Today students on college campuses are protesting on numerous topics happening around the country.  These protest have led to acts of violence on campus, such as the University of Virginia and the University of California Berkeley.  These events challenge college administration to make tough decisions of either protecting free speech or their students. Texas A&M University, for example, has cancelled alt-right speakers on campus to protect the safety of the students, but is this impeding students’ freedom of speech?

In the Bill of Rights, the First Amendment states that everyone has the right to freedom of speech.  During the 1960s, most college campuses were not allowed to have freedom of speech but many still protested about civil rights and war issues, this lead to the Free Speech Movement. In 1968, the Court in Tinker v. Des Moines Independent Community School District ruled that students do not lose their First Amendment rights to freedom of speech when they are on school property.  After this ruling, college campuses began to regulate freedom of speech on campus, for example where can students protest, Bowman v. White, and when to stop a protest, People v. Uptgraft. Having this freedom on campus students were able to express their beliefs and were exposed to different points of views.  Free speech was unconformable but it gave students a chance to learn a diversity of viewpoints.

Today, some claim there are multiple issues caused by freedom of speech.  On campuses, speakers come and sometimes espouse hate.  Students then protest and feel unsafe.  Institutions begin to question balance between students’ First Amendment rights and their rights to an equal education.  This is why some limit free speech on campus.  However, denying speakers may influence the different values that make students feel uncomfortable and serve as a learning opportunity.  A student from Williams College was denied a conservative speaker because the college administrations assumed the speaker would promote hate speech.   If free speech is one of our rights, so why should students have to be limited on what they can say or do on campus?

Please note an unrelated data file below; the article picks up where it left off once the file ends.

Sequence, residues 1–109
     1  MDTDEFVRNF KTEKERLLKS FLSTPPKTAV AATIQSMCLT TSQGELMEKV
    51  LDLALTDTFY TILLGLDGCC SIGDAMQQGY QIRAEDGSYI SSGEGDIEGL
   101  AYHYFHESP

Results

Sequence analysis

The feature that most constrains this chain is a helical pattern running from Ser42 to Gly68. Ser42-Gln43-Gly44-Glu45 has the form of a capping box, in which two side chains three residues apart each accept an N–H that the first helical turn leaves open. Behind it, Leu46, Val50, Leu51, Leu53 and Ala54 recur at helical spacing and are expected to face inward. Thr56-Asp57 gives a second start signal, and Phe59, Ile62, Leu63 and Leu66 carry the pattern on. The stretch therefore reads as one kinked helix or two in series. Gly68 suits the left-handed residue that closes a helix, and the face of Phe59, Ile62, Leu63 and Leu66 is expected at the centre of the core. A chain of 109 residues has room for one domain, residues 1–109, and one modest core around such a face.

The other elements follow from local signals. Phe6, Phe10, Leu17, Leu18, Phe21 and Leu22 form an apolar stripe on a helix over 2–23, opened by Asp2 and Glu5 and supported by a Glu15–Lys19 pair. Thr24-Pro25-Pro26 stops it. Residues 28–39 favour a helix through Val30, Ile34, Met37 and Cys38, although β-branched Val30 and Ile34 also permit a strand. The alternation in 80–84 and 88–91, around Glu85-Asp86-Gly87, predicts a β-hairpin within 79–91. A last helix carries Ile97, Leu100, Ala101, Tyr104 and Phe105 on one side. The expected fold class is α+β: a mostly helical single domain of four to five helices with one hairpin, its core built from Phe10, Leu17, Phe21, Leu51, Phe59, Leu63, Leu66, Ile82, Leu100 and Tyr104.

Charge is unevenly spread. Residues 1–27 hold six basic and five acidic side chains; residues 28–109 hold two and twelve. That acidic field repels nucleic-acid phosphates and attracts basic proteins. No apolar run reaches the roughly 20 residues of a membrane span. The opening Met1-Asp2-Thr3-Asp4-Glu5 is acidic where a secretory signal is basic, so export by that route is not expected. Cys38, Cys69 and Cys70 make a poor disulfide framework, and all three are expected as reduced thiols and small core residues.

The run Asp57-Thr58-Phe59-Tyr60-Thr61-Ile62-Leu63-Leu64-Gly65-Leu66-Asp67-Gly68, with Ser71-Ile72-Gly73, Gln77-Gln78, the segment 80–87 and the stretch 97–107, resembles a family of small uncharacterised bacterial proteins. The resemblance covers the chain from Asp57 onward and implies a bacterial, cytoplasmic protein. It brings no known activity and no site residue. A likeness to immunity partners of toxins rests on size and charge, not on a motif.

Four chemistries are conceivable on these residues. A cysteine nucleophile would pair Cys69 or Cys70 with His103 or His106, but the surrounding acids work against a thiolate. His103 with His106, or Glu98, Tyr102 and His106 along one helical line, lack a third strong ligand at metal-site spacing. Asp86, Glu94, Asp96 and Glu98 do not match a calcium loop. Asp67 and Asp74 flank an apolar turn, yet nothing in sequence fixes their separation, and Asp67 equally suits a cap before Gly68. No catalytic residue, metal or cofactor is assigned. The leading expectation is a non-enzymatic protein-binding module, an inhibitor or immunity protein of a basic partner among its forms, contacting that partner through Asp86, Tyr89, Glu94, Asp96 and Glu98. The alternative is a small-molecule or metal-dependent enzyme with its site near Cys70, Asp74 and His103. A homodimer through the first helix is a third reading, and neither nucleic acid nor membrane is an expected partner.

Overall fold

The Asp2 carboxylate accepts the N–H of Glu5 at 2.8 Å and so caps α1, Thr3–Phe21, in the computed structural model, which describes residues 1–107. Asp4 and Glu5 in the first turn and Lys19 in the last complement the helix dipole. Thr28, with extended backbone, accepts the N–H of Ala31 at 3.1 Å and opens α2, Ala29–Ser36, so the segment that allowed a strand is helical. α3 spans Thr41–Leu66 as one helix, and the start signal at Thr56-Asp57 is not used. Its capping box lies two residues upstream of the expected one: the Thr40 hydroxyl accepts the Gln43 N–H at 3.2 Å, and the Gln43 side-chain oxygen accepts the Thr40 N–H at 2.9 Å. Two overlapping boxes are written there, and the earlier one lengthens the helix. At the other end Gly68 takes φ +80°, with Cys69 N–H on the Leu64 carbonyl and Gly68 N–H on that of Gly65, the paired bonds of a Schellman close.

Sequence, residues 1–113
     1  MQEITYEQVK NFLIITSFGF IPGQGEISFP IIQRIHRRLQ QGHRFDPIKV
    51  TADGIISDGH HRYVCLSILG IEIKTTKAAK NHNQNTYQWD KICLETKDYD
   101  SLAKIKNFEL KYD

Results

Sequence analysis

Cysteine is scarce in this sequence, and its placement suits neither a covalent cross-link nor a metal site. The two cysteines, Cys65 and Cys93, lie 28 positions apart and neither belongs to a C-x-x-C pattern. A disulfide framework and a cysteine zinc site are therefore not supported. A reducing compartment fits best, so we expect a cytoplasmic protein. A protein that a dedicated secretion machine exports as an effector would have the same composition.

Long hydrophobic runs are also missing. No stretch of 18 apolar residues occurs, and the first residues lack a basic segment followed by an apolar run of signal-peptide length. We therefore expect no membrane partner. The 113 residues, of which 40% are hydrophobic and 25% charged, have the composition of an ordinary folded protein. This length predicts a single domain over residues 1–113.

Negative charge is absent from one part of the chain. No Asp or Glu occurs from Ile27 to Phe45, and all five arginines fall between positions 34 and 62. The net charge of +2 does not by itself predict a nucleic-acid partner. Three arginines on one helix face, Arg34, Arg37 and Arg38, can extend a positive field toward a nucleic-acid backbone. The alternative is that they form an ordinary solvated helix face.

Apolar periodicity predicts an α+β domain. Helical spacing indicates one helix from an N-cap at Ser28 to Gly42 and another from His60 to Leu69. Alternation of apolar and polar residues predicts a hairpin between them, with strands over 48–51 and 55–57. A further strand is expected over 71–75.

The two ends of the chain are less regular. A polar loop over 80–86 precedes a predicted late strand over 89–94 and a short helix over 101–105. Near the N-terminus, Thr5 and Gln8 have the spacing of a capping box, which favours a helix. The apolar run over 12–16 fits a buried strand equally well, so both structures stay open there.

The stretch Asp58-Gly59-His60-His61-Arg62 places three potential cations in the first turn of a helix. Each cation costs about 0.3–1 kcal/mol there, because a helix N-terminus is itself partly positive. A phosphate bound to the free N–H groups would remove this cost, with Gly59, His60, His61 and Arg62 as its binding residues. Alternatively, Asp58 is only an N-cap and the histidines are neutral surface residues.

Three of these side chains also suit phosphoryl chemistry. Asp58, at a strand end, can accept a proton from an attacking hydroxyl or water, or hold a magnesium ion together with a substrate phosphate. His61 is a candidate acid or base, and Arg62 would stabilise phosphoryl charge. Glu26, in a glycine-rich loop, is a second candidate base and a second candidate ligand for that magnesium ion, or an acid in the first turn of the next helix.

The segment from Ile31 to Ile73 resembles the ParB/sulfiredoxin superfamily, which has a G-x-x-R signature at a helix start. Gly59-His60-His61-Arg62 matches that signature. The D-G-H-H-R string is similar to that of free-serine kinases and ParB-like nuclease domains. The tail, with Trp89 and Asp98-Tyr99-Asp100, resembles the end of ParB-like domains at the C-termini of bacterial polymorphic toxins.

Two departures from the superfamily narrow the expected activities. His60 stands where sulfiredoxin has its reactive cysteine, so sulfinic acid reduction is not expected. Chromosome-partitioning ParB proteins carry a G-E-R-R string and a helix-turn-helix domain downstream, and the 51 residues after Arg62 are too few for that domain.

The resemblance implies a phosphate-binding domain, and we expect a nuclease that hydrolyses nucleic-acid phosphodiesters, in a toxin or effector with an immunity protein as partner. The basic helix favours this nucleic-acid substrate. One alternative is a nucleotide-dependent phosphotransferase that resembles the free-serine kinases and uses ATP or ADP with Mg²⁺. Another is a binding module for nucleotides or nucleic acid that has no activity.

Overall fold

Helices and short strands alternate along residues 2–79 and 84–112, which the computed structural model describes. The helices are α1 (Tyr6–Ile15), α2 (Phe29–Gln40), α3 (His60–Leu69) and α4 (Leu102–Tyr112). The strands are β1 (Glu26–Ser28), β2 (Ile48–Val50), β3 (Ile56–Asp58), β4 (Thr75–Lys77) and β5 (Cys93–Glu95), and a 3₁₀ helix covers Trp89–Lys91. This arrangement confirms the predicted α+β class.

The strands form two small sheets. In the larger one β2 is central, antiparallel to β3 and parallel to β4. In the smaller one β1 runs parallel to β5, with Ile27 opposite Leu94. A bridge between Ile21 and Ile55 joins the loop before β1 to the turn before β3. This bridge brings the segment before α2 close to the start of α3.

Students and administrations will need to balance free speech with student safety and determine safe venues for speaking events. With this hot issue on their minds, college presidents fear what will happen to their campus. How are college campuses going to keep their students safe?

Some schools are preparing their campus police and cancelling class to ensure that safety is maintained on campus.  Other college campuses are trying to be proactive by having students continue to protest but not to interrupt until Q&As.  Some campuses cancel the speakers from coming on campus.

College administrations are stuck in the middle between protecting their students and affording freedom of speech on campus.  While they want their students to feel safe on campus, they also want to afford free speech and diversity of viewpoints on campus.  So what should college campuses worry more about?  Supporting their students to express their freedom of speech or wanting the students to feel safe on campus?

This post was authored by April Vasquez, a masters student in Higher Education Administration at The University of Texas at San Antonio, and a pre-K teacher in the San Antonio Independent School District (SAISD). 

Wednesday
Apr112018

The Apparatus of Responsibility: Post-In Loco Parentis American University World  

The late legal philosopher Ronald Dworkin wrote in his book, Justice for Hedgehogs, that “[r]esponsibility is an indispensable concept across our intellectual life.” Dworkin reasoned that there are two forms of responsibility, one concerning personal virtue and the other related to liability. Though distinct, Dworkin and other leading legal philosophers have argued the need to not ignore either when applying legal and political interpretations. Dworkin, like many others, believed that morality has a place in our legal and political framework. Though people differ on many bracing issues of the day, take to heart the need to apply a moral lens. In this case, applying a moral lens to higher education in terms of that personal virtue of responsibility in a post-in loco parentis (in the place of a parent) world.